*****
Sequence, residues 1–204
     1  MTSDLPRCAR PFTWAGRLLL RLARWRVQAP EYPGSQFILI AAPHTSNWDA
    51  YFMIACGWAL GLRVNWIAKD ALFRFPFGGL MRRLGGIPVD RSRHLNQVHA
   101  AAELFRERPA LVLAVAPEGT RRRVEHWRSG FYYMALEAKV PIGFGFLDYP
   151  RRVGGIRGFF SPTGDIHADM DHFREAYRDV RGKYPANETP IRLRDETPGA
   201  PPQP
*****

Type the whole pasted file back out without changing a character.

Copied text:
Sequence, residues 1–204
     1  MTSDLPRCAR PFTWAGRLLL RLARWRVQAP EYPGSQFILI AAPHTSNWDA
    51  YFMIACGWAL GLRVNWIAKD ALFRFPFGGL MRRLGGIPVD RSRHLNQVHA
   101  AAELFRERPA LVLAVAPEGT RRRVEHWRSG FYYMALEAKV PIGFGFLDYP
   151  RRVGGIRGFF SPTGDIHADM DHFREAYRDV RGKYPANETP IRLRDETPGA
   201  PPQP